Two businessmen sought to use their wealth to fraudulently secure spots for their children at elite US universities, a federal prosecutor said on Monday at the start of the first trial in the “Operation Varsity Blues” college admissions scandal.
Former casino executive Gamal Aziz and private equity firm founder John Wilson paid hundreds of thousands of dollars to secure spots for their children at the University of Southern California as “phoney” athletic recruits, Assistant US Attorney Leslie Wright told a federal jury in Boston.
She said they did so with the help of William “Rick” Singer, a California college admissions consultant who prosecutors have said masterminded a vast scheme to help wealthy clients get their children into top schools through fraud and bribery.
“It was a sprawling conspiracy that extended from coast to coast,” Ms Wright said in her opening statement. “None of these kids were getting recruited to play collegiate sports without the money.”
Both men deny wrongdoing, saying they believed the money was for donations to the universities, not bribes.
“Giving money to a school with a hope that it gets your kid in is not a crime,” Brian Kelly, Mr Aziz's lawyer, told jurors.
He said Mr Singer never told his client, a former Wynn Resorts executive, that his money would be used to bribe USC athletics officials. Mr Aziz trusted Mr Singer and “had no inkling Singer was a skilled con man,” Mr Kelly said.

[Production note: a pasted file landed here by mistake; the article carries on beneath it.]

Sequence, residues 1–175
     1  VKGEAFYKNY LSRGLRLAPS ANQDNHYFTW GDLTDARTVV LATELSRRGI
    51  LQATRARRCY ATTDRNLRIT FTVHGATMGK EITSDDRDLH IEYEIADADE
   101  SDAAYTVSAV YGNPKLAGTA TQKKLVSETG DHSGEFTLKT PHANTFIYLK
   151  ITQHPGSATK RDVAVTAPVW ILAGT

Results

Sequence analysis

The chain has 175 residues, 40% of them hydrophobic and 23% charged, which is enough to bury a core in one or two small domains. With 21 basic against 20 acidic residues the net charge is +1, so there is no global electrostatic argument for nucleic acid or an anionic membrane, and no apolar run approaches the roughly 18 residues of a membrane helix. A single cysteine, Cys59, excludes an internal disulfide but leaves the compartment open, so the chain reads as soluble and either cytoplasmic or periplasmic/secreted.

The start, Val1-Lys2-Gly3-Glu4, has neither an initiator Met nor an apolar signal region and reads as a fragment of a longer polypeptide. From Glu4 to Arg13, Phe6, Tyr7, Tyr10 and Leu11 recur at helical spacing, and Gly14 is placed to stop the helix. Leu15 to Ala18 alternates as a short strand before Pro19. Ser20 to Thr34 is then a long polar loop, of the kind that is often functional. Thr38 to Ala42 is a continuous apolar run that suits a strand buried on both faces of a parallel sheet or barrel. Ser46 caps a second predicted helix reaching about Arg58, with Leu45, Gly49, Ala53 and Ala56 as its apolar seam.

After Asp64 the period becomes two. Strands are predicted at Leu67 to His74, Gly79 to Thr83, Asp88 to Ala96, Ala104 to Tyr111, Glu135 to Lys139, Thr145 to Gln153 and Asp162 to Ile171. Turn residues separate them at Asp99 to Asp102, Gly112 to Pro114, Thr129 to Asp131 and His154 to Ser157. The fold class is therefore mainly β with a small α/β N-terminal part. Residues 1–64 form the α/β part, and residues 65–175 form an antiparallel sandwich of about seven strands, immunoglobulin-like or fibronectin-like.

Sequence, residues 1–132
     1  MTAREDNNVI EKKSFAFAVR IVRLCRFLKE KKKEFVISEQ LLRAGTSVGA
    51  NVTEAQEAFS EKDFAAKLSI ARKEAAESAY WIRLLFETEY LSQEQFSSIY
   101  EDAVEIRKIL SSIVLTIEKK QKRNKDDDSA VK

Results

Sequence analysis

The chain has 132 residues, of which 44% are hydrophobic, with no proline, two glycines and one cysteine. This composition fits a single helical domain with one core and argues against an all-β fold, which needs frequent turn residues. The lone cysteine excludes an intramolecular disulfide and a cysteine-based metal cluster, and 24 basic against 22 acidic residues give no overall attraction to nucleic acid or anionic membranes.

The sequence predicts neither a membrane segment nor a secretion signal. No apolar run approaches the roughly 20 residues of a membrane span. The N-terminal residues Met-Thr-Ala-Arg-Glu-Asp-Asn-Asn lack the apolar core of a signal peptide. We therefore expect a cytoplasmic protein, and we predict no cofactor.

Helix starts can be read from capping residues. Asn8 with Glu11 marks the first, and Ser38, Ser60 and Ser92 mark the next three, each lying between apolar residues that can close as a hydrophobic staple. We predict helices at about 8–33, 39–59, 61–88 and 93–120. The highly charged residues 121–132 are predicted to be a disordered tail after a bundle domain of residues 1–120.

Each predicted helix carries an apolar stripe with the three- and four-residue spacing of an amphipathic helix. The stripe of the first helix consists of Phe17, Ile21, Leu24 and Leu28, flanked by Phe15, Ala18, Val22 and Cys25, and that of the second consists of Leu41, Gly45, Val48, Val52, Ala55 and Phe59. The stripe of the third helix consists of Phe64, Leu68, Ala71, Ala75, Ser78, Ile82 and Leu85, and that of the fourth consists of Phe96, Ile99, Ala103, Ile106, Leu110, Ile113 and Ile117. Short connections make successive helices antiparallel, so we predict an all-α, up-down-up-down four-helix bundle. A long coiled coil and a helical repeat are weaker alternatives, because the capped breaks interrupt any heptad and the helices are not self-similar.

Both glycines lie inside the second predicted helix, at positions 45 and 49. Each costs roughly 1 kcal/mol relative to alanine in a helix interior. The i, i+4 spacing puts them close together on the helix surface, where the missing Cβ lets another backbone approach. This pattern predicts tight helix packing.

The two men were charged over two years ago along with dozens of business executives and celebrities in a scandal that exposed the lengths wealthy parents would go to attain spots for their children at top schools as well as inequalities in higher education.
Fifty-seven people have been charged in the probe since 2019, including actresses Lori Loughlin and Felicity Huffman, who were among 46 people who have since pleaded guilty.
Mr Aziz, also known as Gamal Abdelaziz, is the former president of Wynn's Macau subsidiary. Mr Wilson is a former Gap and Staples executive who founded Hyannis Port Capital.
Prosecutors say Mr Singer, through his college counselling business, The Key, offered not only legitimate services to parents worried about their children's college prospects but also the use of an illicit “side door” to secure them admission.
Mr Singer has not yet been sentenced after he pleaded guilty in 2019 to enabling cheating on college entrance exams and using bribery to secure the admission of students to colleges as fake athletic recruits.
While Mr Singer became a star government co-operating witness, prosecutors on Friday said they do not expect to call him to give evidence.
Prosecutors say Mr Aziz, 62, agreed in 2018 to pay $300,000 to secure his daughter's admission to USC as a basketball recruit by bribing an official.
They also allege Mr Wilson, 64, in 2014 paid $220,000 to have his son falsely designated a USC water polo recruit and later sought to pay another $1.5 million to fraudulently secure spots for his two daughters at Stanford and Harvard universities.